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Drupal node load references : Drupal 7

12th Jul 2011

Steven Jones

Senior Developer

In Drupal 6, if you called node_load then what you'd be returned would be your own copy of the node to change and modify as you pleased, but in Drupal 7 this was changed. By default, what you actually get back from a node_load is essentially a reference to a global singleton for that node. This has the interesting side effect of meaning that if you change anything in the node object, you are probably changing everyone else's copies of that node too. This is explained in this issue:

So, why should you care? Well, in the right circumstances data loss is really easy!

For example, add a file field to a node type, and allow users to select whether to display files when viewing a node. Now, create a new node, and add a file and uncheck the display checkbox. So, when viewing the node normally, no file is shown.

Now, imagine the following code runs:

// Load up the node with files on it.
$node = node_load(1);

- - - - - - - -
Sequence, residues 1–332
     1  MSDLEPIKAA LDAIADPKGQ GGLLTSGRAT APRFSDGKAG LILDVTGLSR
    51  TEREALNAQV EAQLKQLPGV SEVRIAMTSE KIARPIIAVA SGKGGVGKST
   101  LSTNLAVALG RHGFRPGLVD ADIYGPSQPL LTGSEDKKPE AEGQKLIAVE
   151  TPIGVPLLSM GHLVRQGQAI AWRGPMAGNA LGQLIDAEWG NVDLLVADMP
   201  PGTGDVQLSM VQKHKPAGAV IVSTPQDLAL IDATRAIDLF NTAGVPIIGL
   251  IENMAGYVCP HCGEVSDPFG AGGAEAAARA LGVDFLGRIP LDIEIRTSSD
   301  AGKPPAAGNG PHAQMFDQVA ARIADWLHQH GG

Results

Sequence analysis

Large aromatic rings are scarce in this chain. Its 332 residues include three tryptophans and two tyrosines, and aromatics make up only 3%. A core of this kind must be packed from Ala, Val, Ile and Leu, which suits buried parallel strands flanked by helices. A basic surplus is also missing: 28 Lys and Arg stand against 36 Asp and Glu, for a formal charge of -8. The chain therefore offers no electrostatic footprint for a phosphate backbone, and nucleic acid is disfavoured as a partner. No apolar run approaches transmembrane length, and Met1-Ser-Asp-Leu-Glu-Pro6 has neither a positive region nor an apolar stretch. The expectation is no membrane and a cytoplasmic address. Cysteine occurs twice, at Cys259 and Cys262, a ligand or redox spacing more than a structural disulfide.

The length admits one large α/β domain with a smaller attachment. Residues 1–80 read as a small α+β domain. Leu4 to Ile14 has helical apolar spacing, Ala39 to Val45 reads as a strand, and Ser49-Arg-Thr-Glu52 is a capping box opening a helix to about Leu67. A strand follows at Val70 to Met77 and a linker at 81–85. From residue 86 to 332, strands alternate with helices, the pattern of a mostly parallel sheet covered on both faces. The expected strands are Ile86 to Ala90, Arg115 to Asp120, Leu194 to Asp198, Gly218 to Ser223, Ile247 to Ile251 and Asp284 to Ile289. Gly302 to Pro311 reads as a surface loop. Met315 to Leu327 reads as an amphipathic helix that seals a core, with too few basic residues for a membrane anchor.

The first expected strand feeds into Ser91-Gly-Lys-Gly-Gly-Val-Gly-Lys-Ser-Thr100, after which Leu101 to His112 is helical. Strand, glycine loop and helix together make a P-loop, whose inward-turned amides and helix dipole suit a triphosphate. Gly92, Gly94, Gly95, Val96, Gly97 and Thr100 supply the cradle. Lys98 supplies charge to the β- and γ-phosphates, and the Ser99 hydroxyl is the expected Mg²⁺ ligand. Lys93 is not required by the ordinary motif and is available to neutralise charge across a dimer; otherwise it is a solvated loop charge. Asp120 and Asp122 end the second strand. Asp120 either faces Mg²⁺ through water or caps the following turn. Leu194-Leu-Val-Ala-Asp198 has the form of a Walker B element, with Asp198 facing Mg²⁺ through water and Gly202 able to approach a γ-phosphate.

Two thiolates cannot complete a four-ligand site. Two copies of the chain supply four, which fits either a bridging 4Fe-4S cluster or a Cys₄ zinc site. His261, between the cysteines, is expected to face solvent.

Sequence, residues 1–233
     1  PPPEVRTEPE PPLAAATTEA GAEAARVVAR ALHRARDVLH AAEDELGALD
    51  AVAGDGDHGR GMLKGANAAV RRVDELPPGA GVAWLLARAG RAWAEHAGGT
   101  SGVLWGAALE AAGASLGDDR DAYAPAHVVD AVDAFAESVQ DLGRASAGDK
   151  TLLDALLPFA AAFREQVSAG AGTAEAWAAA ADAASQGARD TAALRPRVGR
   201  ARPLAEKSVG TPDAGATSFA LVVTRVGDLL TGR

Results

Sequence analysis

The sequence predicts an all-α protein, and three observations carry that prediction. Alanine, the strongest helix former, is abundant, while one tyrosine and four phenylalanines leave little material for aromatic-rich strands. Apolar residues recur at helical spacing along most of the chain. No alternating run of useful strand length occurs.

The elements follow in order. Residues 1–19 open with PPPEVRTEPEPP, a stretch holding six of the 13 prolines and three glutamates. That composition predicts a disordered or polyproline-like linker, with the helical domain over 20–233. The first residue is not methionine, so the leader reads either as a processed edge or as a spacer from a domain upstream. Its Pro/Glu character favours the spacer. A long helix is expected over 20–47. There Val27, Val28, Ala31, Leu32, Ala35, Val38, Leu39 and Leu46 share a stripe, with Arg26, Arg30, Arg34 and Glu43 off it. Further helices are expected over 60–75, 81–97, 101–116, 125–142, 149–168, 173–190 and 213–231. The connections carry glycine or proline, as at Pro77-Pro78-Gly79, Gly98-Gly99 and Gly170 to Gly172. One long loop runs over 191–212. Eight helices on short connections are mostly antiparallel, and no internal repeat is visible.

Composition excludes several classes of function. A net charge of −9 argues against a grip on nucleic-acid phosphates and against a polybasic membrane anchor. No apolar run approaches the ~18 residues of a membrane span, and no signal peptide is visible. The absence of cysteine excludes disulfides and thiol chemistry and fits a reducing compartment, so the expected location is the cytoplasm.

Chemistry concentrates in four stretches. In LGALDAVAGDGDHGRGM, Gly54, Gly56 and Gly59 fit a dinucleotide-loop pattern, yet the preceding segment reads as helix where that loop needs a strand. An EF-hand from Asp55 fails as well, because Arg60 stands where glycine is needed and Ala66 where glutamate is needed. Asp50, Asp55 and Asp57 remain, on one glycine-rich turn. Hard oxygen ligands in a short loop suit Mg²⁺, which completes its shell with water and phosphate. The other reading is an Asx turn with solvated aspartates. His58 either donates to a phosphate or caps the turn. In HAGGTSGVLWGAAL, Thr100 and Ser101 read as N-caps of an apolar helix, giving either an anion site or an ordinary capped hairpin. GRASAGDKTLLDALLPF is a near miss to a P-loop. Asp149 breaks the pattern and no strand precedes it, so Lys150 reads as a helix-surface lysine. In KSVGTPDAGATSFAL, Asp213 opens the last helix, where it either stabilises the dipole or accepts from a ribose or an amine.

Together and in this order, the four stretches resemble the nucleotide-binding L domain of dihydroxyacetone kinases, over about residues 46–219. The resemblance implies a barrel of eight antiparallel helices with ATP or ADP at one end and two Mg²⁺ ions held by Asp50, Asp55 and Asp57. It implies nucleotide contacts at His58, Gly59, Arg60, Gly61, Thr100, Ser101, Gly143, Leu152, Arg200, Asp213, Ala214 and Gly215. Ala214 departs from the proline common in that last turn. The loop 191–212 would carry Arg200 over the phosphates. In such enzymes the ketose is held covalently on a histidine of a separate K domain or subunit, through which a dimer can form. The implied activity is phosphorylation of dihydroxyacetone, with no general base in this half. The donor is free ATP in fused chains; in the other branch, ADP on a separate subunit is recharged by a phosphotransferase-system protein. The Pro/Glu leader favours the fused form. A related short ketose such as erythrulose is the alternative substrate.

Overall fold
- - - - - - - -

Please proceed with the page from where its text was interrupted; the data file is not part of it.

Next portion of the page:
// Render the node.
$rendered = node_view($node);

// Later, decide you want a 'fresh' copy of the node.
$fresh_node = node_load(1);

// Save the fresh node.

Now go and edit your file in Drupal, where has your uploaded file gone?

Well, the call to node_view means that file.module directly unsets the files that shouldn't be displayed. But, in my code, this node is effectively global, so when I call my second node load, it's not 'fresh' at all, I just get back a reference to the node that's had the file removed, so calling node_save on it was a very bad idea.

Note that the node_view and node_save don't have to be in the same code, they could be in different modules, that know nothing of what the other is doing.

I'd like to know what the solution here is, one solution might be to clone the node when we get it back from node_load, but that was removed from D6, so it seems silly to add it back everywhere it gets used. Or, you could try to only clone it when the data in the node will be changed, but that will be pretty much every time we do anything with the node, and because of the way Drupal works, things could be changed even when we don't think it would be.
It seems like the only safe solution is to clone most times, but core doesn't do this, so you'll still run into issues like the one outlined above.